JEFFERSON CITY, Mo. – The University of Missouri is removing the name of a 22-year-old Wal-Mart heiress from its brand-new sports arena, a week after she was accused of cheating her way through college.
Elizabeth Paige Laurie’s parents have agreed to allow the school to rename the $75 million Paige Sports Arena, which was built with a donation from the Lauries and opened three weeks ago, the university said Tuesday.
The university board will vote Friday on the proposed new name, Mizzou Arena, said Remy Wagner, the assistant to the board’s secretary. “Mizzou” is the school’s nickname.
The move comes months after billionaires Bill and Nancy Laurie angered Mizzou fans, students and alumni by announcing their plan to name the arena after their daughter, who did not attend Missouri. The couple was given the naming rights after donating $25 million toward the building campaign.
One alumnus, Chris Cary, called it “Dad buying the biggest dollhouse.” Nancy Laurie is the daughter of the late Bud Walton, co-founder of Wal-Mart.
Then, last week, Paige Laurie’s freshman roommate at the University of Southern California, Elena Martinez, said in an interview on ABC’s “20/20” that Laurie paid her about $20,000 over 3 1/2 years to write papers and complete other assignments for her.
Laurie’s family did not return messages Wednesday left at their Columbia home and at the offices of their company, Paige Sports Entertainment, which owns the NHL’s St. Louis Blues. The family said in a statement to “20/20” that Paige Laurie’s college record “is a private matter.”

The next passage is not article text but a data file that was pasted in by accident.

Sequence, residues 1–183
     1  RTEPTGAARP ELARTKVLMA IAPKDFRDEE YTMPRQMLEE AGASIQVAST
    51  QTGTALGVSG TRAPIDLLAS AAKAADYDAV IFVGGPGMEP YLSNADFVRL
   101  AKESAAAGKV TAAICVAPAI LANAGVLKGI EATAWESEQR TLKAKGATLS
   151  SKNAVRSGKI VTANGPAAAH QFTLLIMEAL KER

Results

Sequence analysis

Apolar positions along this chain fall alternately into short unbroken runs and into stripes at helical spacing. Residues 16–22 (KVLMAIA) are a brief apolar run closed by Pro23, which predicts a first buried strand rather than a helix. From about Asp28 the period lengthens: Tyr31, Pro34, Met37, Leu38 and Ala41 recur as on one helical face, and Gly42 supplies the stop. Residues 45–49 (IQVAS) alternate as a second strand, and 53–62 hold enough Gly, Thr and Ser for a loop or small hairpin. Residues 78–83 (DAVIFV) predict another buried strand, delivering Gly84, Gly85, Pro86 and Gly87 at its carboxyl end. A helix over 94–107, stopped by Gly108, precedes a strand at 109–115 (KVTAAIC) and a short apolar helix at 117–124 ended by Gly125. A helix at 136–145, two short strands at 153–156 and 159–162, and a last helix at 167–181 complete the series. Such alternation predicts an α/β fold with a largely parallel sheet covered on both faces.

Paige Laurie has denied repeated requests for interviews since the announcement in March that the arena was being named for her.
In a statement Tuesday, Elson Floyd, president of the University of Missouri system, and Brady Deaton, chancellor at the Columbia campus, said the school was grateful to the Laurie family for their financial support.
“Their generosity is helping us build a nationally renowned research university and a sports complex that will serve our student-athletes at the highest level,” Deaton said.
The university declined to say why the Lauries’ relinquished their naming rights, and officials did not say if the school would have to return any of the gift.
Most Missouri fans welcomed the decision to take Paige Laurie’s name off the arena.
“If your daughter wrecks the car, you take the car away from her,” said Paul Welsh, a 1968 graduate.
Scott Kampmeyer, a 1995 graduate and president of the Los Angeles-Orange County alumni chapter, said some alumni contacted him after the cheating allegations surfaced and threatened to drop their memberships.
“They could’ve found someone who’s done more for the university and athletic department than some girl who never even went to Mizzou,” he said. “It gives you an image of a spoiled little rich girl whose daddy bought her a basketball arena.”
In a similar controversy, university officials have also indicated they will remove Enron founder Ken Lay’s name from an economics professorship if he is convicted in the scandal that brought down the energy giant.
Officials said that would probably require the school to return Lay’s $1.1 million donation. The Lay chair in economics has never been filled.
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